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Forget bonus bucks, make growth pay its way

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POSTED May 14, 2013 1:35 a.m.

Editor, Manteca Bulletin,

There is an old proverb which best describes the voluntary $1.8M contribution to the city, it goes, “All that glitters is not gold.” The offering of $1.8M for a Development Agreement (DA) for 356 new homes illustrates the symbiotic scenario and relationship between developers and our city leaders that has played out for decades on the premise that it encourages new development, jobs, and benefits the city. I have yet however to find anyone at city hall to explain how this scenario has finally provided the necessary funds to pay for lacking community amenities, provide timely maintenance to the existing community, and offset the fiscal impacts of new development.

Development agreements were intended to benefit the city, but over time developers have been allowed to manipulate the timing of development costs and improvements to safeguard their profit margin, and garner resources from the City to make their project “pencil out.” The current proposal will provide some relief today from the city’s financial problems, but that will soon fade away as the subject residential development ages. While the “donation” is touted as a timely lifesaver, and administrative staff scramble to find how best to cut the $1.8 million pie, the city’s long time money problem and growing cultural amenities, service levels, and fiscal deficits remain loaming. Frankly, these “donations” are merely a token (a spin, if you will) to garner support from the Council for their respect projects.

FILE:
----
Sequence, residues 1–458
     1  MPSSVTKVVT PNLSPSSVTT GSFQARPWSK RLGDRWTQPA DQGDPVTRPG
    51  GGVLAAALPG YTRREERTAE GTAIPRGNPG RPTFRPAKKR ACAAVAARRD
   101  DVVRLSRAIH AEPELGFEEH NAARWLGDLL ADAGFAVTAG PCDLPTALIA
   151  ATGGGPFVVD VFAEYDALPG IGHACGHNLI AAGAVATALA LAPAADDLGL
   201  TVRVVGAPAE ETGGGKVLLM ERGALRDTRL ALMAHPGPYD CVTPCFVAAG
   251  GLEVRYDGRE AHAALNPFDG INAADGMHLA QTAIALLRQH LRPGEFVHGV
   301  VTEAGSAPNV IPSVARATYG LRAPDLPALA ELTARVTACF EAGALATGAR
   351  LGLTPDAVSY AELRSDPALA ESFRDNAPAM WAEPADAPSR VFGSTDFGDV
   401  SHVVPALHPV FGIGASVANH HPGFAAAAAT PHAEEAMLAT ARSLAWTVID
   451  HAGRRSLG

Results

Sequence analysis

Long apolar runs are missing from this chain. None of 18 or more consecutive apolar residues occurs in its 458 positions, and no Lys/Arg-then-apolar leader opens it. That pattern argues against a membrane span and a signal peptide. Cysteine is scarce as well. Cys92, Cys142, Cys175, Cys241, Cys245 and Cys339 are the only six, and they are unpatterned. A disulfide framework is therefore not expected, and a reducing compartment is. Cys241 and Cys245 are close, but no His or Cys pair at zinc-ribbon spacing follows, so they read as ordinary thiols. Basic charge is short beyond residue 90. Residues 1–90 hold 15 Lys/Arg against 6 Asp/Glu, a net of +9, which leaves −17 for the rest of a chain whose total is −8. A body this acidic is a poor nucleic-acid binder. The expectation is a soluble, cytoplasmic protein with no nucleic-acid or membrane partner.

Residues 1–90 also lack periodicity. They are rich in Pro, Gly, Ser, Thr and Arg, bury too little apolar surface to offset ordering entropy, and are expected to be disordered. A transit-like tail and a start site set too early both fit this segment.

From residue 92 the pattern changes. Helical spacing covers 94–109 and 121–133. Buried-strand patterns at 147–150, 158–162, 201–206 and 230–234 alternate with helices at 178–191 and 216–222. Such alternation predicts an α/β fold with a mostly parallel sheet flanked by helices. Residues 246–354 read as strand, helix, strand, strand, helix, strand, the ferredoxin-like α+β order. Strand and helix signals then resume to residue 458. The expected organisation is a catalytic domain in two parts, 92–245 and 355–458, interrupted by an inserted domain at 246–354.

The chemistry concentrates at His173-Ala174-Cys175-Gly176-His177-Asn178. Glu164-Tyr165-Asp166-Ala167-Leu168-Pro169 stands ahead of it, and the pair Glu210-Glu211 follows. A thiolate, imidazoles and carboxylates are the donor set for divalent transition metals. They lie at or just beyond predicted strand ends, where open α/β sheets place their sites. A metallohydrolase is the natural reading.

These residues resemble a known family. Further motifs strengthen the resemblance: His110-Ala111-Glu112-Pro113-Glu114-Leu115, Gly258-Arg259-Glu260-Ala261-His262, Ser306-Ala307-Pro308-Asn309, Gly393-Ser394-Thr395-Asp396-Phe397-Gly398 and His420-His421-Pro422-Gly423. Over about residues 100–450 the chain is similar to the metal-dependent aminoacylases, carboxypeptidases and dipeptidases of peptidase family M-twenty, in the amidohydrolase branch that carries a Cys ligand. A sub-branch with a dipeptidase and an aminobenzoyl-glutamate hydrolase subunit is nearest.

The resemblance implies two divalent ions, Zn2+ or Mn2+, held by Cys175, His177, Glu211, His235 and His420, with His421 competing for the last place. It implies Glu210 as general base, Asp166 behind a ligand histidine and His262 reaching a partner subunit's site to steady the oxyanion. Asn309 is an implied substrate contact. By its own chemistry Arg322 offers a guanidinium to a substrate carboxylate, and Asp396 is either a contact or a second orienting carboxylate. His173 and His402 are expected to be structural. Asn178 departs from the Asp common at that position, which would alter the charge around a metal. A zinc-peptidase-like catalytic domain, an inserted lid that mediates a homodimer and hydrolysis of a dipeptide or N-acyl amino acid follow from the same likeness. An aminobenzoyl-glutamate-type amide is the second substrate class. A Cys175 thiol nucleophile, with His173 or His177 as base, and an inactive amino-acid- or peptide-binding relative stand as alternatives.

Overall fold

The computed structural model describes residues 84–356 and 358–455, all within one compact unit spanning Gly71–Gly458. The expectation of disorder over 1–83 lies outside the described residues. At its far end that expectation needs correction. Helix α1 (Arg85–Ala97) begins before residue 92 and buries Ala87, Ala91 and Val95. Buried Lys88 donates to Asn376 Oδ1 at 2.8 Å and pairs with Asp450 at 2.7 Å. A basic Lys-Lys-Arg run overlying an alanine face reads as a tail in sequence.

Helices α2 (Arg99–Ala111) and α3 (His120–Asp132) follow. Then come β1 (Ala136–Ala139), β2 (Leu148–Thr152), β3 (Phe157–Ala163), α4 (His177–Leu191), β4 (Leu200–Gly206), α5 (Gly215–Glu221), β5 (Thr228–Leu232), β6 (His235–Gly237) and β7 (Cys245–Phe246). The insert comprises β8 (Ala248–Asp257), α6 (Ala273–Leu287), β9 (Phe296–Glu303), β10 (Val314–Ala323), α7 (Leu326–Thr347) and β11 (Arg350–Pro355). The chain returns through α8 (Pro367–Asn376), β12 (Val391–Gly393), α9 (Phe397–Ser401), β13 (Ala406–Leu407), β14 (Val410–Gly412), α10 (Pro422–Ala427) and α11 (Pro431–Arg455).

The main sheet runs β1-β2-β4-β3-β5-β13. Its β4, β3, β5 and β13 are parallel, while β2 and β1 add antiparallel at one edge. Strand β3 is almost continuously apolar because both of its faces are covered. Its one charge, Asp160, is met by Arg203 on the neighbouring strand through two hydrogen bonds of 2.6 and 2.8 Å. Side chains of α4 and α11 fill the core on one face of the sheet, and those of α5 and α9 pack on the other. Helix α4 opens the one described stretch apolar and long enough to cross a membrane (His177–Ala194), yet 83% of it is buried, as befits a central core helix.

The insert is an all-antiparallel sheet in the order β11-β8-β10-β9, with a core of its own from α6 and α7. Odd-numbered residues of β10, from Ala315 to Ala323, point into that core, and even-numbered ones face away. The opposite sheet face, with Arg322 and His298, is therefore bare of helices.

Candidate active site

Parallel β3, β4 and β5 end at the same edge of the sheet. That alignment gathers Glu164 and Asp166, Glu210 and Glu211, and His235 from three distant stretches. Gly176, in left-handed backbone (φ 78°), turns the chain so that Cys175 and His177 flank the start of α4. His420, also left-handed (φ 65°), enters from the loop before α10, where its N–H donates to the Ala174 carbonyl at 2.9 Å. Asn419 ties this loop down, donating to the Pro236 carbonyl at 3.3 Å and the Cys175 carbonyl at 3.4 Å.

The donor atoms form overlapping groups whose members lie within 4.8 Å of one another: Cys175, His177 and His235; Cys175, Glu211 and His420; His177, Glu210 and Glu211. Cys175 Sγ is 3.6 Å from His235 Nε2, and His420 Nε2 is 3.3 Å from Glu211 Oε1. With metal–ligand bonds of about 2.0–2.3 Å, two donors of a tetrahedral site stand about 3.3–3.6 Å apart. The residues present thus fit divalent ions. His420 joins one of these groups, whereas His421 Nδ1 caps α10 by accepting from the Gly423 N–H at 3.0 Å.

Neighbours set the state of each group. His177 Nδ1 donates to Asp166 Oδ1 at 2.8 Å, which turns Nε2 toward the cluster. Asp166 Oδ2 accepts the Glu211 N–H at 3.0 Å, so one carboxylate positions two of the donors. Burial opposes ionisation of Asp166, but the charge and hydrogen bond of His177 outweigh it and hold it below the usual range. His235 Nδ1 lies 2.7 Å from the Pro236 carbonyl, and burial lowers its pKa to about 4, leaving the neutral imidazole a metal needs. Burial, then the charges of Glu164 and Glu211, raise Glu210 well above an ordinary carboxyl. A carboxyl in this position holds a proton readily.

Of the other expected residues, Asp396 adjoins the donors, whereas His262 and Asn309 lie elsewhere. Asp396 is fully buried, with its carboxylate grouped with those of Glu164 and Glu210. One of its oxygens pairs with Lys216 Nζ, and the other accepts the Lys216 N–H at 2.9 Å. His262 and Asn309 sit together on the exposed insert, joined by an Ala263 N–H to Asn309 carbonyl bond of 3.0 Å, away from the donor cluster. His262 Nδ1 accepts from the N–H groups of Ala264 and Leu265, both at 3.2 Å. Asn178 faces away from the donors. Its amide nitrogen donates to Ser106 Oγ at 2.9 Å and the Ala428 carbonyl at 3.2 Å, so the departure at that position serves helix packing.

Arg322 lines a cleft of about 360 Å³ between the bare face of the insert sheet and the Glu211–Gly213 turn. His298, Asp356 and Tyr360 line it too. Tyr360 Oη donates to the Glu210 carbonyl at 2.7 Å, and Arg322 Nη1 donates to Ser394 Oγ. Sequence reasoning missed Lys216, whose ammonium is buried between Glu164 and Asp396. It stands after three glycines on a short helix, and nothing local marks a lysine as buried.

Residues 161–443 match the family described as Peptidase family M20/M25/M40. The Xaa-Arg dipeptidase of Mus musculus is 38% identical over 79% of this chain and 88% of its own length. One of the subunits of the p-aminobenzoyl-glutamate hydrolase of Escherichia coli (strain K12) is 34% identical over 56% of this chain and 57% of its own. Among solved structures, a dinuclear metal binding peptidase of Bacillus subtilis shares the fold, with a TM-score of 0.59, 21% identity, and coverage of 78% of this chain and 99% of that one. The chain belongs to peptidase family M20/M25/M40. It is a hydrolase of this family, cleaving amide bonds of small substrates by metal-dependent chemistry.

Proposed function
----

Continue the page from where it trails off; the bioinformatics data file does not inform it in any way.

The truth is that each new development places a greater burden of wear on the existing aging community (streets, public safety, library, traffic signals, water and sewer mains, etc.). A good example is the increased traffic in town, which is not from the existing community. The city’s overall fiscal problem worsens because insufficient revenue is generated from the new development and existing community revenues are insufficient to pay for maintenance of the aging infrastructure, each new development dilutes the city’s revenue stream and resources. The financial deficit deepens each time the city council defers improvements or does not collect or impose the necessary fees required to offset the physical and fiscal impacts on the community.

City hall has acknowledged for decades that development does not generate sufficient municipal revenue to offset the cost of the public services required by the development, yet the same process of management continues to be used. When asked what is the per dwelling cost of providing public services and what is the municipal revenue generated by a home, the city indicated they do not have that information. Perhaps, that is the reason why Manteca has fallen short for decades in providing for community needs in a timely manner. Conversely, I bet the developer has determined the cost of developing each home, right down to each stud and nail.

There is a solution, but it will not fare well with the developers or city hall. City hall needs to prepare an analysis to determine the profitability and stability of providing public services: Profitability: the city’s ability to earn income and sustain growth in both the short- and long-term; Stability: the city’s ability to remain in business in the long run. Yes, the city needs to operate as a profitable and sustainable business, no different than the business objectives of the developer. And, adjust impact fees to include the provision of community amenities and the projected maintenance of the aging infrastructure.

The truth is the DA process in its present form and management no longer serves the city’s or residents’ best interest.

Benjamin Cantu
May 10, 2013

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